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Posts tagged "Military Divorce"

Military divorce rates differ for men and women

Families represent a critical support system for military personnel in Illinois, but not all marriages withstand the extra pressures of serving the country. The Pentagon tracks divorce rates among all service members and separates figures for men and women. In 2016, divorces among men in the military remained stable at 2.6 percent. Divorces among servicewomen, however, rose in 2016 to 6.6 percent from 6.2 percent in 2015.

Military divorce issues

44838961_S.jpgDivorce is often an emotional time for Illinois couples. Whether a case is legally challenging depends on a number of factors, including whether one or both spouses are serving in the military. While military divorces can be straightforward, it is important that all parties understand the laws and rules involved.

Military divorce in Illinois

42671839_S.jpgMilitary service members in Illinois who are wishing to divorce might need to be aware of how the process differs from those that solely proceed within the civilian arena. There are certain federal laws governing divorces, support issues, division of pensions and other relevant matters that are important.

Divorce for those who serve

44852046_S.jpgWhen Illinois couples decide to divorce, there are several issues that might need to be decided, including child custody, property division, and spousal and child support. These matters can become more complicated when either or both of the spouses are active-duty military members.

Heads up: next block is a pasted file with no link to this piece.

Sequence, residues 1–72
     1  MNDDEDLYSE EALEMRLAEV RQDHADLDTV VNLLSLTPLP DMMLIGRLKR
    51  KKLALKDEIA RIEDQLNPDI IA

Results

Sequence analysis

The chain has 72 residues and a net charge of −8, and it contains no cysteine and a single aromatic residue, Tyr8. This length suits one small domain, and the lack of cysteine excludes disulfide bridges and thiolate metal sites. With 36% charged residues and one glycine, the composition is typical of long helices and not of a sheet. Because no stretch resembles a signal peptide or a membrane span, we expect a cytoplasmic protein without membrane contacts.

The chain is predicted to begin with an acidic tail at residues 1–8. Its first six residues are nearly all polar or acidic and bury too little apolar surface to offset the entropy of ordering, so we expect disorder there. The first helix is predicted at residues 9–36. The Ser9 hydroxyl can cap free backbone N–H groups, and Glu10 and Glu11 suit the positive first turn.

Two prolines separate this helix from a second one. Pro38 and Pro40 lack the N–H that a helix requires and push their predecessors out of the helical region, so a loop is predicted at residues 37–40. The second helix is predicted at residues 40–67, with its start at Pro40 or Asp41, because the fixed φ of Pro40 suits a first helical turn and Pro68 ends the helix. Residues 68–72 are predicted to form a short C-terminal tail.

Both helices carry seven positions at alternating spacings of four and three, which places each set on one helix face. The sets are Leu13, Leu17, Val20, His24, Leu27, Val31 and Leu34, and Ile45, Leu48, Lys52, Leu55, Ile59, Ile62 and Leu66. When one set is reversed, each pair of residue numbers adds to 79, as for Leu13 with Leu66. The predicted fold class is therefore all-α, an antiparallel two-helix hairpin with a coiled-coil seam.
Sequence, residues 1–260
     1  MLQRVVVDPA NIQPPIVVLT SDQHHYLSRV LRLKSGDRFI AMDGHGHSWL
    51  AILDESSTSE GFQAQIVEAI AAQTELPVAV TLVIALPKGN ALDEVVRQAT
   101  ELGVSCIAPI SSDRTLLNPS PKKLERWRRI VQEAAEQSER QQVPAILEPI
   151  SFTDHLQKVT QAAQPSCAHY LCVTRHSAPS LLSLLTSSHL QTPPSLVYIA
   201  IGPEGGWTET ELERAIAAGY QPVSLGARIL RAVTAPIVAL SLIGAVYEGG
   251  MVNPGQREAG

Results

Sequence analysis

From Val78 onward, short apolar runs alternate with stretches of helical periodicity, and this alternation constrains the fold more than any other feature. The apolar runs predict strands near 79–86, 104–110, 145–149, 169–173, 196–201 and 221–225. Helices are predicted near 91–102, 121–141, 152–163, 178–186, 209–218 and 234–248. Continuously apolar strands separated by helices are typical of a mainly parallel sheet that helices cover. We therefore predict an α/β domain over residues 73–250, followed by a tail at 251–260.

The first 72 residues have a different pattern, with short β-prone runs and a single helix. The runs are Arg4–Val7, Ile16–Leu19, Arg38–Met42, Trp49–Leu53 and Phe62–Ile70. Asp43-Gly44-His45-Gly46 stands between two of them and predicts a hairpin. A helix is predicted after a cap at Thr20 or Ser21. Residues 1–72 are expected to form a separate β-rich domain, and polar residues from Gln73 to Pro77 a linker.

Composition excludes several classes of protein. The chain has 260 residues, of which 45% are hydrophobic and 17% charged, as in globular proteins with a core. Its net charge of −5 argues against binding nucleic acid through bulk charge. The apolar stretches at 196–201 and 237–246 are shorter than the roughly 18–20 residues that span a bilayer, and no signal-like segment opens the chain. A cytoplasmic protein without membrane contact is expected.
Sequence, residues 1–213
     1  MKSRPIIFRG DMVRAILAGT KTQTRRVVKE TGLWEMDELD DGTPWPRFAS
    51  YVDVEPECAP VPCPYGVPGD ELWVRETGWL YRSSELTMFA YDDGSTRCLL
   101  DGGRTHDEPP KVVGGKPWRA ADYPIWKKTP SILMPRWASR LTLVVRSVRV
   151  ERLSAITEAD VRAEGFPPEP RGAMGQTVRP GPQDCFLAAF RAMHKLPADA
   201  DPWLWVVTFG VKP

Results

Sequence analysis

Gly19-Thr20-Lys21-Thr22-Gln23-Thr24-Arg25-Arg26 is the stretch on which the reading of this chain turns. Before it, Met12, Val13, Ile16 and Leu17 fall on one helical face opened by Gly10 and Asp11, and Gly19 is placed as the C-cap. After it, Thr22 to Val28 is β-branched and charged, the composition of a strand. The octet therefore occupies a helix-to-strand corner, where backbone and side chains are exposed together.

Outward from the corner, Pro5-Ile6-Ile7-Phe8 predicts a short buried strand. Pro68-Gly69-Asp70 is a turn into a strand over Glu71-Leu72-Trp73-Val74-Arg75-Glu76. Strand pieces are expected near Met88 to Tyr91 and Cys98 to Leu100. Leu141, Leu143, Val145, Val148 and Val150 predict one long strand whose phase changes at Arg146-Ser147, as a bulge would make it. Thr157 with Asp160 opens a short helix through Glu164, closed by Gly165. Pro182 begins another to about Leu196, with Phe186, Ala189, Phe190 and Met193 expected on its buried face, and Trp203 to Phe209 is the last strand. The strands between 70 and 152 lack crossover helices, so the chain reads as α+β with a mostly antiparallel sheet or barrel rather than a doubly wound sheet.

Federal law alters division of military retirement in divorce

48679364_S.jpgMilitary personnel in Illinois involved in a divorce should be aware of new requirements for submitting court orders regarding the division of military retirement pay to the Defense Finance and Accounting Service. The National Defense Authorization Act of 2017 authorized the changes, and failure to provide the required information to the accounting office will delay the distribution of benefits.

Veterans' benefits, child support and alimony

39482433_S.jpgIn Illinois, if a couple divorces and one of them is a veteran, the veteran's benefits may be used toward child support or alimony even though normally VA benefits cannot be seized. This is known as "family support", and multiple states in a number of different cases have ruled that this is an appropriate exception. In child support cases, disability may be considered as income.

The 20/20/20 rule for military divorces

50864636_S.jpgIllinois residents who are married to a member of the military and getting a divorce may wonder how their healthcare and other benefits will change. What happens after a divorce depends on the length of the marriage, how long a spouse has served in the military and the amount of time military service and marriage overlapped.

Military pensions and divorce

43943371_S.jpgIf you live in Illinois and are either married to a military service member or are one yourself, you may wonder about how the court will treat yours or your spouse's military pension in the asset division portion of your divorce. Under the Uniformed Services Former Spouses' Protection Act, the state's courts are allowed to handle military pensions as well as other retirement benefits in the property division portion of the proceedings.

The Uniformed Services Former Spouses' Protection Act

43636581_S.jpgAn Illinois divorce that involves a military spouse is different from a civilian divorce in many ways. One factor that comes into play in a military divorce is military retired pay. If a military spouse is receiving or expecting to receive military retired pay, the non-military spouse may be entitled to receive a portion of that benefit.

3 tips for getting through your military divorce

38310302_S.jpgDivorce is almost always complicated, but when one or both spouses are in the military, things tend to get even more difficult to sort out. Few civilians have to deal with the same complications in child custody and relocation, and then there is figuring out the division of military benefits.

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